A picture is worth a thousand words, or so the saying goes. But what if the picture is a thousand words? Is it still a picture? More importantly, is it still a work of art?
If, as Canadian literary theorist, Marshall McLuhan wrote, “the medium is the message,” then it should follow that the medium is, in part, the letters that create the visual message.
After all, language has appeared in the visual arts since the beginning of language in the written form. We find the artist’s signature and date on the visual art object itself, not to mention the title attached to the image that provides distinct clarification as to what the visual image is depicting.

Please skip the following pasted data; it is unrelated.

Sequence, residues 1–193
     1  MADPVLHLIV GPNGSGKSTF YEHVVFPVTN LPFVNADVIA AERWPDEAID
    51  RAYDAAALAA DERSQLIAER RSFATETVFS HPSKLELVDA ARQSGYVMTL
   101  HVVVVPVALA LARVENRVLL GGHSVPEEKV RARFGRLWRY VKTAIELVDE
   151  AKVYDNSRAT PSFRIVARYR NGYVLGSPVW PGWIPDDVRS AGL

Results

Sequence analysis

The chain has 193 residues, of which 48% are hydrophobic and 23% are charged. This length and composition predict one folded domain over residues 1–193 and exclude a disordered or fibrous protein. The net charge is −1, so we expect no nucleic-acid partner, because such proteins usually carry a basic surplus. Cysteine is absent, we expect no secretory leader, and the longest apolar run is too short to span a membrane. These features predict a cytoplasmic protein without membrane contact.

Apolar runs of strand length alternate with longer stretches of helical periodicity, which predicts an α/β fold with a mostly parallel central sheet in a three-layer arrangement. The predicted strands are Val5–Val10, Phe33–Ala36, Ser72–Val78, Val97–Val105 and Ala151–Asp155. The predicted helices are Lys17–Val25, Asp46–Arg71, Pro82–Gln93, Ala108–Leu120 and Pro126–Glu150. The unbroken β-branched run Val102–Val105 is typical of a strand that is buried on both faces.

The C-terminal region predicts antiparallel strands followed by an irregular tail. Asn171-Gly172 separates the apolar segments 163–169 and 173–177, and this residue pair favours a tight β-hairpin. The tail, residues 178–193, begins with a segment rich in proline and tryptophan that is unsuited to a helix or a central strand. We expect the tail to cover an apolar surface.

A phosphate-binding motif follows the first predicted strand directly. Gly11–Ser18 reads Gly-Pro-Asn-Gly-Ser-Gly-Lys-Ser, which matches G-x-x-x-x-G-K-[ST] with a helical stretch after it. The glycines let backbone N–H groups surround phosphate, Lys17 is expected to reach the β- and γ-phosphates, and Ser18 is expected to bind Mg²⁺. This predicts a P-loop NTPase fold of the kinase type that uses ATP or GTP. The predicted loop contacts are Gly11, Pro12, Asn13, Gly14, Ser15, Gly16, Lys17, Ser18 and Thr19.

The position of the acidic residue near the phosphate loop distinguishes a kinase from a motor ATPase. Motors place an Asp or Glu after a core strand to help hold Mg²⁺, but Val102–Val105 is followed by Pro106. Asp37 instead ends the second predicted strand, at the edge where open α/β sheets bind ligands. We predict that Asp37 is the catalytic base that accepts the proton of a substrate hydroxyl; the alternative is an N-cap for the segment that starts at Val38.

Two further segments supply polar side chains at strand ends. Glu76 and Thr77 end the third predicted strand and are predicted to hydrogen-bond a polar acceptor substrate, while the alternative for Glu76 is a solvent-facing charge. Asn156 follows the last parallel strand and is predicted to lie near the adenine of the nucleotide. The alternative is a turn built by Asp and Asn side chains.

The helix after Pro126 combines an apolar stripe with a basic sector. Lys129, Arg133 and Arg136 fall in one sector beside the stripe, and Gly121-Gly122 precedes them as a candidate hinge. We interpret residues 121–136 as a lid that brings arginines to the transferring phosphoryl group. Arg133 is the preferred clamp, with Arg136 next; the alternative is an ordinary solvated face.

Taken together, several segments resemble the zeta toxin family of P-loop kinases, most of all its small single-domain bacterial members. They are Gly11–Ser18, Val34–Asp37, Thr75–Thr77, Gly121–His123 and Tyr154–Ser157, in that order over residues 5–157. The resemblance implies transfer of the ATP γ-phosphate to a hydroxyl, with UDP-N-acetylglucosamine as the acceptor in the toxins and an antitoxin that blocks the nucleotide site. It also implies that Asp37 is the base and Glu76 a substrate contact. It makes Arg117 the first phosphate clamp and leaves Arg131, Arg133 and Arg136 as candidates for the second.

One might wonder, then: Can the visual arts stand distinctly on their own as a visual image, without any sign of the written language in the image or beside it, describing, entitling the work?